As part of a high school assignment for a course called "Left to Right," Lori Paton, a student at West Morris Mendham High School in New Jersey, wrote a letter which she inadvertently addressed to the Socialist Workers' Party, an allegedly subversive organization upon which the Government maintained mail surveillance. After the F.B.I. intercepted the Paton letter, it tried to determine whether she was engaged in subversive activity. An agent was sent to the local police department, the credit bureau, and to her high school to make inquiries. The field agent determined that Paton had written the letter as part of a high school project and was not involved in subversive activity. He therefore advised his superior to close administratively the file the F.B.I. had prepared on her. On June 13, 1973, Paton's attorney wrote J. Wallace LaPrade, Special Agent in charge of the Newark office of the F.B.I., to inquire about the investigation of Paton. LaPrade responded by letter dated July 6, 1973, stating that "no investigation" had been conducted. Plaintiff claims this answer was an intentionally deceitful and misleading statement intended to discourage or hinder her in seeking legal redress.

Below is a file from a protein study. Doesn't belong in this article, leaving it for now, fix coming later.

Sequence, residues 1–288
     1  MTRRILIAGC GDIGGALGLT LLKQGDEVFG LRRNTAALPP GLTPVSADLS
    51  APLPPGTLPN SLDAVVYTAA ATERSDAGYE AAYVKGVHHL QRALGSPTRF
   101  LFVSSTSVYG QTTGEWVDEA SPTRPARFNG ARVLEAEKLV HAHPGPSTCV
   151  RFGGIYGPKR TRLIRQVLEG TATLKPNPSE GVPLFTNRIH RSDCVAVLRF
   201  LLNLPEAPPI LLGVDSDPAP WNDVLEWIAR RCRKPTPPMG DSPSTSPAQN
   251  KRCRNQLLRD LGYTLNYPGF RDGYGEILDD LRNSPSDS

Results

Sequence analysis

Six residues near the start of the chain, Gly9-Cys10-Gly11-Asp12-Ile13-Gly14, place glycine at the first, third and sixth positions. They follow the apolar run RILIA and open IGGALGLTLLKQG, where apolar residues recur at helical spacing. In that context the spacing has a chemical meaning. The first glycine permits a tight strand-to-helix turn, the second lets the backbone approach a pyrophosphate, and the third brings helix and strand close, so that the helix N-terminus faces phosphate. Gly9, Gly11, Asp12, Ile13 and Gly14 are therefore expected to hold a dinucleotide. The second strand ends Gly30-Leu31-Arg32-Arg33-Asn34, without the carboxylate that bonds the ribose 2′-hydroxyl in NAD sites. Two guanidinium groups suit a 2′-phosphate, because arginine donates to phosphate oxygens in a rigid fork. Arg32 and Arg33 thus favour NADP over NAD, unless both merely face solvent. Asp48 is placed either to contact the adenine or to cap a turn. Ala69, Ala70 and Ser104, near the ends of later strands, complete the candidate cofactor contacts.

A. LaPrade's Liability for Acts Alleged.

 At the outset I note that the identical issue was argued before Judge Coolahan, October 11, 1977, who denied summary judgment as to LaPrade without prejudice. Nevertheless I have considered these arguments anew.

 LaPrade contends that any theory of recovery against him must be based on "respondeat superior" as he was not personally involved in any of the alleged facts. The doctrine of Respondeat superior is unavailable as a basis for imposing liability under § 1983; *fn1" there must be some showing of Personal responsibility. Duchesne v. Sugarman, 566 F.2d 817, 830 (2d Cir. 1977); Hampton v. Holmesburg Prison Officials, 546 F.2d 1077, 1082 (3d Cir. 1976).

 In Rizzo v. Goode, 423 U.S. 362, 96 S. Ct. 598, 46 L. Ed. 2d 561 (1976), an action by various citizens against Philadelphia City officials for alleged police misconduct of a pervasive pattern, the Supreme Court held there must be some causal connection between the acts which "subjects . . . or causes to be subjected" (42 U.S.C. § 1983) the deprivation of civil rights and the supervisory personnel who are named defendants. In Rizzo no such causal connection was found.